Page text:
From the middle of World War 1, a number of ex-services organisations emerged, formed by and for discharged soldiers, sailors and airmen. The first, the National Association of Discharged Sailors and Soldiers (DSS) was prompted in particular by dissatisfaction at their treatment by government and employers; the second, the National Federation of DSS, by a proposal to draft them back into the Forces ahead of those who had never served. They had various trade union and/or political allegiances and by 1917 there was real concern within Government at the possibility of serious unrest or even revolution among them; the study will look at some of the unrest created by discontented ex-soldiers in other countries, including Russia, Germany and Australia.
As a result of this concern leading members of the Establishment, close to the Government of the day, set up a rival organisation, the Comrades of the Great War, in the hope of drawing members away from the more radical groups. The other significant group, the Officers Association, was formed by Douglas Haig, concerned by the plight of many officers, impoverished and excluded from the other groups. Ultimately however they all came together to form the British Legion, while the most left-wing one, the Communist-linked National Union of Ex-Servicemen, withered away.
While British charities for the relief of ex-soldiers existed long before the Great War, they were typically run by benevolent Victorians as 'good works' and the ex-soldiers were passive recipients. The groups that sprang up during the War were quite different, self-organised, assertive, drawing on trade union experience and the camaradie developed in the trenches and they were politically aligned.
This process has not been previously been researched in the depth envisaged for this study. Original newsletters from at least two of the main organisations are held in the British Library, which provide a wealth of primary information about their development and appear not to have been studied in detail before. Other primary sources such as committee minutes and numerous national, regional and local newspaper reports have also been identified with more likely to be found in county archives etc. The growing database of newspaper articles held in the growing British Newspaper Archive comprises a considerable quantity of new original material not previously consulted.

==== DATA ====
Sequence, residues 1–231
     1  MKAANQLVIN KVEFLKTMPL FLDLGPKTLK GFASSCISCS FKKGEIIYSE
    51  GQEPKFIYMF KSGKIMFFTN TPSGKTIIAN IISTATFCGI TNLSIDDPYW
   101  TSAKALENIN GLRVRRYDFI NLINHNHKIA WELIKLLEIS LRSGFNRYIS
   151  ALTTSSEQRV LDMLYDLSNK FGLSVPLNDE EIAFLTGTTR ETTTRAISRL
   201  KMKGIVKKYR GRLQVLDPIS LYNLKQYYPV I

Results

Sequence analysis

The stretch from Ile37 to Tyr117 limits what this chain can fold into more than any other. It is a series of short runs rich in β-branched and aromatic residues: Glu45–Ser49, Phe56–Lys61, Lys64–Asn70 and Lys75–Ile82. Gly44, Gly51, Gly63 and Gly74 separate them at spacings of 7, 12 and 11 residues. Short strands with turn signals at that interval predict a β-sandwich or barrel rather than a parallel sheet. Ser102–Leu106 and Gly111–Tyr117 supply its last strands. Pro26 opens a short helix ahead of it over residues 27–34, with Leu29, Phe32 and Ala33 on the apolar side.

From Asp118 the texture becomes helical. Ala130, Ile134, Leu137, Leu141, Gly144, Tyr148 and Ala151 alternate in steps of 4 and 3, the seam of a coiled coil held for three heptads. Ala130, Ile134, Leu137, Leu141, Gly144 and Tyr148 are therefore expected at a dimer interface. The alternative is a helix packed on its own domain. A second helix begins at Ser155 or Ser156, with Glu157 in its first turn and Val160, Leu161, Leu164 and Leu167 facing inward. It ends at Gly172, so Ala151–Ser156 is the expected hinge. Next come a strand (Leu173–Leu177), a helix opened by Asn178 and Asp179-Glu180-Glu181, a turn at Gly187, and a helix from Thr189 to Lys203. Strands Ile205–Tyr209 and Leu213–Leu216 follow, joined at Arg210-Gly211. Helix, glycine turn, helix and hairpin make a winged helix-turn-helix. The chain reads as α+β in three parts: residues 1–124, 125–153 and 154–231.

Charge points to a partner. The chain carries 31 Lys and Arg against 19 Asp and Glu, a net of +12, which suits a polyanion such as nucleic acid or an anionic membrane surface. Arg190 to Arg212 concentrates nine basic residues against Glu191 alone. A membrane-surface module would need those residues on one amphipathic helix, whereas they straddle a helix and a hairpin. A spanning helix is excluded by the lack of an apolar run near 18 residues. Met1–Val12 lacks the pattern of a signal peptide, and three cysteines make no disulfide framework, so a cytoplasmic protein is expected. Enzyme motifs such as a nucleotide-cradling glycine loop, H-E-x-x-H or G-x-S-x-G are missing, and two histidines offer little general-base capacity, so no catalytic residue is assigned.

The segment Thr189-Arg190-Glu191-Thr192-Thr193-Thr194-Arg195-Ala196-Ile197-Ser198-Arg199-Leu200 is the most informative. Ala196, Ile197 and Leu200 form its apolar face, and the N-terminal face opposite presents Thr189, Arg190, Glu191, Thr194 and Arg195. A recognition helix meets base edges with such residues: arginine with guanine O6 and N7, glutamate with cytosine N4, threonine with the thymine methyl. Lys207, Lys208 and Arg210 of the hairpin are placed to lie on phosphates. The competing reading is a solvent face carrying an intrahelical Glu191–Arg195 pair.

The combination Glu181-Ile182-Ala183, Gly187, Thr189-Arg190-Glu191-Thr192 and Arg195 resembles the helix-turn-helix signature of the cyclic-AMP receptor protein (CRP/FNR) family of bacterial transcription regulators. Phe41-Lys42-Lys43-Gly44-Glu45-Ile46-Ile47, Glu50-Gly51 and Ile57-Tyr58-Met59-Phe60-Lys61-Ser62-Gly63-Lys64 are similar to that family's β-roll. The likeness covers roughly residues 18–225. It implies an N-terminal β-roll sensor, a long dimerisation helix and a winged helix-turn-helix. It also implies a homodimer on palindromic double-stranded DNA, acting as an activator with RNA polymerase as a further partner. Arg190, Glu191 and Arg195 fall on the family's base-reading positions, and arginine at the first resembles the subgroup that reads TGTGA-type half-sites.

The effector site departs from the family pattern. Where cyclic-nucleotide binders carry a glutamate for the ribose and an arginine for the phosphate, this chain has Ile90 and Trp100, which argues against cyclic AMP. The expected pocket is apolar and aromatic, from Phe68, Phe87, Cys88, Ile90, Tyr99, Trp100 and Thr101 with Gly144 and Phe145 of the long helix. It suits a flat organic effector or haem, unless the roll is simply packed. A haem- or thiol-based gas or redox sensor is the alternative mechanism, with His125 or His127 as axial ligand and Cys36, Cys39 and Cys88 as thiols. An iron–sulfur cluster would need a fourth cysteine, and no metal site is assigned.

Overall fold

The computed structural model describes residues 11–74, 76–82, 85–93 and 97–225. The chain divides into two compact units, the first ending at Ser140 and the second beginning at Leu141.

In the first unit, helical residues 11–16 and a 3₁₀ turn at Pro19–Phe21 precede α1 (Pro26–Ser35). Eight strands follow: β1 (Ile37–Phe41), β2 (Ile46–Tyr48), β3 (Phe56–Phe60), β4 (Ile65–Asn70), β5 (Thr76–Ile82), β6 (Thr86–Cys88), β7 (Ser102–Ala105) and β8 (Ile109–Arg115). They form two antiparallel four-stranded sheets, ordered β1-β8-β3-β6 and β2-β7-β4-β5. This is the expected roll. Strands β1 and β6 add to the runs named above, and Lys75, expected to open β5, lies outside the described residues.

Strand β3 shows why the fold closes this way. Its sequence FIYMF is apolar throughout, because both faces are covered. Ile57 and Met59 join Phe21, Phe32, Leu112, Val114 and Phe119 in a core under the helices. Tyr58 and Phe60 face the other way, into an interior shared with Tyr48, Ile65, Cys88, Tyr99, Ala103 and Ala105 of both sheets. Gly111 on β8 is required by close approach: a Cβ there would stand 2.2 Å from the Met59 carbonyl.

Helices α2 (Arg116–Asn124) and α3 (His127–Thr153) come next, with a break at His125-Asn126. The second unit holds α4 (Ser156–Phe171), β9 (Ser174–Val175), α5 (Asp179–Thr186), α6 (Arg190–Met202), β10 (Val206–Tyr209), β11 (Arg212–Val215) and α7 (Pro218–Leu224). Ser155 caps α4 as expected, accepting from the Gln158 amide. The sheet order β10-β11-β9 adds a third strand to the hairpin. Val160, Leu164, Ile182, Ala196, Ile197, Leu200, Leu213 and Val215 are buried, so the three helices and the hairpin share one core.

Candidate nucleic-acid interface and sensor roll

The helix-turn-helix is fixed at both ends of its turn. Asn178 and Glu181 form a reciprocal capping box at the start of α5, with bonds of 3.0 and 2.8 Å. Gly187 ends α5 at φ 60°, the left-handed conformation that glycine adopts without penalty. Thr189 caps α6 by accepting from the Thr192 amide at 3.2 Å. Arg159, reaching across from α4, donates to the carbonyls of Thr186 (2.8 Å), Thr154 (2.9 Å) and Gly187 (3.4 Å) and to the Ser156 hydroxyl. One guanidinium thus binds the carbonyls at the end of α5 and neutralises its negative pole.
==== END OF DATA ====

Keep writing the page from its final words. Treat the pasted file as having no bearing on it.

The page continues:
The coming together of the various organisations under the umbrella of a new group, the British Legion, has been well documented, so will be only briefly covered for completeness in this project. The primary effort and focus will be on the predecessor groups described above in order to address the question of how and why it was during the Great War that ex-servicemen for the first time got together to help themselves.
This subject fits within the broader context of Total War, and into the area defined by Arthur Marwick as 'War, Peace & Social Change". It will also be a contribution to working class history and fits into the area of War Studies labelled 'War and Society' rather than operational studies.
Electronic Brains: Stories from the Dawn of the Computer Age, Granta 2005 (a history of early computer pioneers)
Local Authorities and Film Censorship: a historical account of the 'Naughty Pictures Committees' in Sale and Manchester, Entertainment and Sports Law Journal, vol 11, 2013